A major advantage of invoice factoring is that businesses are not adding any more debt to their books. They’re simply getting access to their own cash flow before the invoice due date. 

Read more here 

Peer-to-peer lending (P2P)

P2P is another alt lending solution that’s becoming more mainstream. Under this form of funding a borrower, an investor, and a partner bank are brought together through an online platform.

The main benefit of P2P is that borrowers enjoy a relatively lower interest rate. Because P2P platforms don’t actually give out a loan and act as a middleman, they are able to keep costs low. 

Nevertheless, P2P lending does come with its own set of challenges. The main downside is there are no laws protecting borrowers or lenders. The platforms are generally not guided by any regulatory bodies, so there are a lot of inconsistent behaviors that may pose problems. 

However, when you have a trusted go-to lending partner and have developed a long-term relationship with them, you’ll be able to openly discuss all funding options available — regardless whether they offer those options or not. This is our approach at Liquid Capital, and we’ll give you expert advice on a variety of funding options to help grow your business. 

In light of uncertainty: Why alternative funding makes sense

Many small businesses have been locked out of government-assisted loan programs through their banks—and with temporary holds on new loans, businesses have no choice but to turn elsewhere for funding. As businesses struggle to come up with ways to fund their operations, alternative lenders seem like the obvious choice for many. 

To put the need into context, Statistica predicts that 1,778 thousand small and medium businesses will receive loans this year from alternative lenders—amounting to $30,413M, which will set off an upward growth trend of 10.2% YoY. 

Yet, perhaps many companies are also shifting towards non-traditional funding because they need to build partnerships with new lenders. Business owners recognize they aren’t experts in everything and no longer want to go at it alone. Instead, they are leveraging help from professionals who have the right experience, knowledge and resources to get things done.


Related: Baby’s on Broadway — How partnering with the right lender helped this retail store grow into a community cornerstone


Ultimately, you have to choose a funding option that fits your business needs and timing. Alternative lenders offer the flexibility of repayment and a creative solution to unique business challenges. They may also offer faster access to capital, so if you’re short on time you may want to speak with a non-traditional lender. Whatever your decision may be, choose an alternative lending option that makes sense for your unique business challenge.


When working with Liquid Capital, clients not only receive funding but also gain access to a strategic business partner who works alongside them to make sure their business is thriving. Liquid Capital Principals work closely with clients and help them address concerns regarding business operations outside of funding.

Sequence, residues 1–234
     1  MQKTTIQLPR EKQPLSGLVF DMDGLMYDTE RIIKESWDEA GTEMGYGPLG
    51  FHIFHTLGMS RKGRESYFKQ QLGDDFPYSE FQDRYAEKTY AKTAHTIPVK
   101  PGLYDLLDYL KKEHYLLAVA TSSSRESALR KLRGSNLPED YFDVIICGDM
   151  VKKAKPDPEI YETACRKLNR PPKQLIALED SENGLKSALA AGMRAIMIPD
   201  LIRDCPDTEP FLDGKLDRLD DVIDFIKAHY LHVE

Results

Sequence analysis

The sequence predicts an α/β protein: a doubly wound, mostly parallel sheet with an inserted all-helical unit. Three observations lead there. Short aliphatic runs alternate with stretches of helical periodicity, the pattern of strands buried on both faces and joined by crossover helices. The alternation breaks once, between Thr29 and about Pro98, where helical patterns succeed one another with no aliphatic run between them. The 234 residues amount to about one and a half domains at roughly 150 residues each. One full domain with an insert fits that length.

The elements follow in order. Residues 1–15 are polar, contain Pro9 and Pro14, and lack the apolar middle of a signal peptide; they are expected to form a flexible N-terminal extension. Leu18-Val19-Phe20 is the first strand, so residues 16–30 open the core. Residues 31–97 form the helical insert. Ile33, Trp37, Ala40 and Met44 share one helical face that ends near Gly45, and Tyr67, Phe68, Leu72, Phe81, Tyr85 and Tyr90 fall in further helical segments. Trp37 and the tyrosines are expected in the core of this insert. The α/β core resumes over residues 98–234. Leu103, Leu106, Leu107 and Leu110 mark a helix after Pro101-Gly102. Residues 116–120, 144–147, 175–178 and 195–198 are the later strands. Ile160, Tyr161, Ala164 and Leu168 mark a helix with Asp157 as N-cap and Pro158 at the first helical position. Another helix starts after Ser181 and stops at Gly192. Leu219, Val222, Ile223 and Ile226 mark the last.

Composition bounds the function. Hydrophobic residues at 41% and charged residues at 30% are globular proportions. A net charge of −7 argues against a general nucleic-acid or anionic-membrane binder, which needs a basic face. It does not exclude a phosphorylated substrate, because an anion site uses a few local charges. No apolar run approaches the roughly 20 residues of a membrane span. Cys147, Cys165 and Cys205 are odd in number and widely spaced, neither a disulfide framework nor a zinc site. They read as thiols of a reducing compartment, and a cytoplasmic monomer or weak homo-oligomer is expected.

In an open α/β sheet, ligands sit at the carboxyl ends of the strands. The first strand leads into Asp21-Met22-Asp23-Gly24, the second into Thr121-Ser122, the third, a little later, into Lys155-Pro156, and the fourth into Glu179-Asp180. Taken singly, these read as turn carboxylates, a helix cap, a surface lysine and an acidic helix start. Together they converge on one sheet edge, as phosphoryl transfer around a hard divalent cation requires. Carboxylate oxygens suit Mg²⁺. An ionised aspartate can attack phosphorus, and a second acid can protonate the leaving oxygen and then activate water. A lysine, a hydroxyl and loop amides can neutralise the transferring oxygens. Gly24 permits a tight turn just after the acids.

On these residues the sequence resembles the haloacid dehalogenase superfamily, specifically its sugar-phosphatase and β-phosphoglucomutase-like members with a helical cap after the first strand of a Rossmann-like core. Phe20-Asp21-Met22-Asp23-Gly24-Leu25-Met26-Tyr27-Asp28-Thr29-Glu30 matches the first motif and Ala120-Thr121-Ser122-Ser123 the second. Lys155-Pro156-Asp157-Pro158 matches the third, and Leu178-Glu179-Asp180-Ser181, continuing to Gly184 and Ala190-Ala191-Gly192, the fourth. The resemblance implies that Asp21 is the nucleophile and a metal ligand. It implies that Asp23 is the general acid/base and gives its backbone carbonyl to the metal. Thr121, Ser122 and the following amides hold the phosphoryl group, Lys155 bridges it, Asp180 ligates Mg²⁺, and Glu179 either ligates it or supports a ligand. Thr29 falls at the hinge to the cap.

If you’re interested in learning more about us or connect with a Principal near you to chat about your business funding needs, click here

Images by Adobe Stock and Pixabay: Featured and Secondary

invoice factoring faq

You asked, we delivered: 11 invoice factoring FAQs answered (with resources)

Want more information on this funding option? We answer the most common invoice factoring FAQs below.

invoice factoring faq

Have you considered using invoice factoring to increase capital for your business but you’re not quite sure how it works? 

Below, we’ve answered the invoice factoring FAQs about this popular funding option, so you can assess if factoring is right for your business. Many of these questions are actually directed towards the factoring company itself, as it’s an important part of assessing your partnership. When learning about invoice factoring, your partner should be able to answer all of these questions to your satisfaction.

Invoice factoring FAQs: Top 11 questions that businesses ask invoice factoring providers:


Q1) What is invoice factoring? (If you already know, skip to Q2!)

Invoice factoring essentially means selling your open invoices to a factoring company, called a «factor.» It allows businesses to generate immediate cash flow and access capital that would otherwise be held up by slow-paying customers.

In B2B, it’s common to offer 30, 60 and 90-day payment terms, however, this means you have to wait for payment. Instead, companies sell the invoices to a factoring partner at a slight discount, and can immediately inject that capital into their business. You get paid most of the invoice upfront, while your factoring partner holds back a “reserve” as they wait to collect the full payment from the end client. Meanwhile, you can move forward with your business.

One main advantage of selling invoices to a factoring company such as Liquid Capital is that you’re not adding any further debt to your books. You’re simply leveraging your assets to inject money into your business.

Q2) How long have you been in business?

Before placing your trust in any factoring company or lender, it’s important to know if the company has substantial experience working with businesses like yours. It’s also critical to work with a factoring company that understands your industry and has credibility with its clients.